Construction Leaders Give NC Students Taste of Industry

Wed November 24, 2004 - Southeast Edition

The North Carolina Department of Transportation (NCDOT) and Carolinas Associated General Contractors (CAGC) hosted Construction Career Days at the Charlotte Metrolina Expo Trade Center in Charlotte, NC, Tuesday, Oct. 26 to Thursday, Oct. 28.

This is the third year Construction Equipment Days has visited Mecklenburg County. The program aims to visit various North Carolina counties every other year, explained Marvin Butler, NCDOT program manager of the On-the-Job Training Program.

The objective of Construction Career Days is to encourage high school juniors and seniors throughout the state to consider a career in the construction industry.

According to the Construction Career Days Web site (, youth are vital to the construction industry. “Today’s high school students represent the pool of workers from which the construction industry will recruit its future workforce,” it explains. “The industry is facing a severe shortage of skilled workers. If not addressed, the shortage will increase, affecting quality, safety, and our industry’s overall ability to compete in building the infrastructure needed by an ever-growing population.”

The event is intended to educate the students about diverse construction careers and allow them to participate in hands-on exercise.

“We found out the average age a person starts his or her career is age 28,” said Butler. “We would like them to have some idea of what it would be like to work in the industry. This is one way to expose and educate them about the possible and various possibilities in construction.”

Construction Career Days is a partnership between the NCDOT and the CAGC along with equipment dealers, highway contractors, commercial contractors and various agencies.

Butler said the groups brought in heavy equipment used in building highways. Students had the opportunity to see and use the latest tools and heavy equipment, talk to operators and watch demonstrations of heavy equipment in action. They also had the opportunity to check out other facets of the industry including masonry, drywall and welding.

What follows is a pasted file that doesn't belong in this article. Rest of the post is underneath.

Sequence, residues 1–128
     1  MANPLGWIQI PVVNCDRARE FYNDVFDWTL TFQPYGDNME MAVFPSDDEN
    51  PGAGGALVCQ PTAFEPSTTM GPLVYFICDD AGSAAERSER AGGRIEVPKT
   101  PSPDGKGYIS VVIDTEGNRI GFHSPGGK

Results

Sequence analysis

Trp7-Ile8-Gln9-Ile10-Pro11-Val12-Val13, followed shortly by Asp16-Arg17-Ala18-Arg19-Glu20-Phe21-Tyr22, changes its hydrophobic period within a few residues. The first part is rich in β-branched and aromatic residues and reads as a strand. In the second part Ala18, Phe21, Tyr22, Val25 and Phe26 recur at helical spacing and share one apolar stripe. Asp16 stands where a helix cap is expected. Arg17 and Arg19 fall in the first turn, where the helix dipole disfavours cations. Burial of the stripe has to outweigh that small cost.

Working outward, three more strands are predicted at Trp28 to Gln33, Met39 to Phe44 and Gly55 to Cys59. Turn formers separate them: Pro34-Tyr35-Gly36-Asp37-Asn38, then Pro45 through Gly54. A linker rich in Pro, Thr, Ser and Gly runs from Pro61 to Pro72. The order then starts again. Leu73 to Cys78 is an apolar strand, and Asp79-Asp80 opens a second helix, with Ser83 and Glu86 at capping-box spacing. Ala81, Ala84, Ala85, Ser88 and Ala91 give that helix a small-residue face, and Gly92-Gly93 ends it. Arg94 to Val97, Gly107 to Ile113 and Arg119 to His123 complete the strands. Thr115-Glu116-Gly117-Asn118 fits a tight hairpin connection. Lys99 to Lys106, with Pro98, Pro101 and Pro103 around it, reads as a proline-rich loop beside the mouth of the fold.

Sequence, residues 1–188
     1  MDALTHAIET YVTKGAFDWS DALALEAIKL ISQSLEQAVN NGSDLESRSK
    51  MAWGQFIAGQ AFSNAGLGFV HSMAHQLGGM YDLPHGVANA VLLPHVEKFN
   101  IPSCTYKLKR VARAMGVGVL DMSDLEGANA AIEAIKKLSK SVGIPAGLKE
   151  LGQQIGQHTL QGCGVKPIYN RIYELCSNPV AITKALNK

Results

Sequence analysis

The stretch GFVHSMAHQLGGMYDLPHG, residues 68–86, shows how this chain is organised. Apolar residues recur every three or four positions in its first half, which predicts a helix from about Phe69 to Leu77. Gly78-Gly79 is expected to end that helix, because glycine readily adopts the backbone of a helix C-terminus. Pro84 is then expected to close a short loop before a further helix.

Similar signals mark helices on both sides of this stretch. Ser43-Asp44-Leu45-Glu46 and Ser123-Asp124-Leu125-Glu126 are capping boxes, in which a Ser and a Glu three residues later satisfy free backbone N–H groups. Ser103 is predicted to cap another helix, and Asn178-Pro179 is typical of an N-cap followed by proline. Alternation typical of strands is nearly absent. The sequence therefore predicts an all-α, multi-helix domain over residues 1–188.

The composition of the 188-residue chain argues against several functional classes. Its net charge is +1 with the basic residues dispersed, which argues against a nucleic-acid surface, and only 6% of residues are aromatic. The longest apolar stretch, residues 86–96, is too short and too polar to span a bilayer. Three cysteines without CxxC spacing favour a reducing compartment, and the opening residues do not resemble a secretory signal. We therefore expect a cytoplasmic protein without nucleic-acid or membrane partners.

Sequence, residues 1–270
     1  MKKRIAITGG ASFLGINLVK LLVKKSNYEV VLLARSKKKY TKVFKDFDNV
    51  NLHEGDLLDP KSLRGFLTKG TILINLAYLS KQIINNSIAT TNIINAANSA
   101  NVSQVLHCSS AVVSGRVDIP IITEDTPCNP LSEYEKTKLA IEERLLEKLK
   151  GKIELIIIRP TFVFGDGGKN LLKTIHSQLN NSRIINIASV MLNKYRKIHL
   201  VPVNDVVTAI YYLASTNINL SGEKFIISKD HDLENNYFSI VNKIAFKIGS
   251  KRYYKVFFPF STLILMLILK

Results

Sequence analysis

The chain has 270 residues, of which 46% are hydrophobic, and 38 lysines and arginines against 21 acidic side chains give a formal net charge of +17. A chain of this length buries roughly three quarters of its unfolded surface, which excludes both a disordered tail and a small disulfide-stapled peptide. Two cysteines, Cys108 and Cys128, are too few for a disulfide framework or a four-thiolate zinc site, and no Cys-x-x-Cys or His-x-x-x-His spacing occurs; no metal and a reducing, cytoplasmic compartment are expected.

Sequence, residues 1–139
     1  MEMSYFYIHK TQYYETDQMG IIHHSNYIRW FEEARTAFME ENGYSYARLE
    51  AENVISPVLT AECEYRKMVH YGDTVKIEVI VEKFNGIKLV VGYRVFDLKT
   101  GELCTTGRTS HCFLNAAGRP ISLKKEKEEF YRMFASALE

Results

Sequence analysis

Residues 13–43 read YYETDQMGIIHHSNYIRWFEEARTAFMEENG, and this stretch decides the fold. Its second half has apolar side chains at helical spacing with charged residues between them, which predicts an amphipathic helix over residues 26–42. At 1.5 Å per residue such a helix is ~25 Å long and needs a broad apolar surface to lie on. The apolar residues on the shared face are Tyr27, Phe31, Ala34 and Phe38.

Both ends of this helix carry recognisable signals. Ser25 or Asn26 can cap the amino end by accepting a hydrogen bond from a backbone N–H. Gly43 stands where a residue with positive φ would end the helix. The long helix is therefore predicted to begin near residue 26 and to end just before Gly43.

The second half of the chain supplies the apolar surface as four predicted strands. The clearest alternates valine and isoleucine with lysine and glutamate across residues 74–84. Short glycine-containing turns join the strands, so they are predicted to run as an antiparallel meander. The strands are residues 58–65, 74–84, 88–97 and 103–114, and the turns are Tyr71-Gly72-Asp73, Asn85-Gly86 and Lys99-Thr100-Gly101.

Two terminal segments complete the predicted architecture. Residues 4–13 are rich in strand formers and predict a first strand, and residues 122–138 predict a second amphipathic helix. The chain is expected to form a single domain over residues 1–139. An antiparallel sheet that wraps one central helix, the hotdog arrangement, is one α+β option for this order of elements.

“Kids get on the equipment and get to operate the equipment as well,” Butler said. “They get to experience what it’s like in the industry. ”

Over the three days, more than approximately $2 million worth of heavy equipment (approximately 30 pieces) was available for kids to operate, including iron ranging from skid steers, mini-excavators and scissor lifts to wheel loaders, motor graders and excavators. The machines were donated by Carolina CAT, James River Equipment, Charlotte Tractor, Mitchell Distributing, Charlotte Bobcat, Briggs Equipment, LB Smith, J.W. Burress and AME.

“Mitch Christenberry [of Briggs Equipment] was very instrumental in pulling the dealers together along with John Keener of Crowder Construction, based in Charlotte,” noted Butler.

Contractors raised much of the money needed to host the event, which was run by volunteers.

Butler said the response has been “very successful and overwhelming.” He added that compared with years past, the students this year had more time to operate the equipment.

“We used to have more sessions with speakers talking about careers. Now students are more involved,” he said.

Over the last four years Construction Career Days has reached more than 15,000 North Carolina students. Nationwide, the program has reached more than 200,000 students.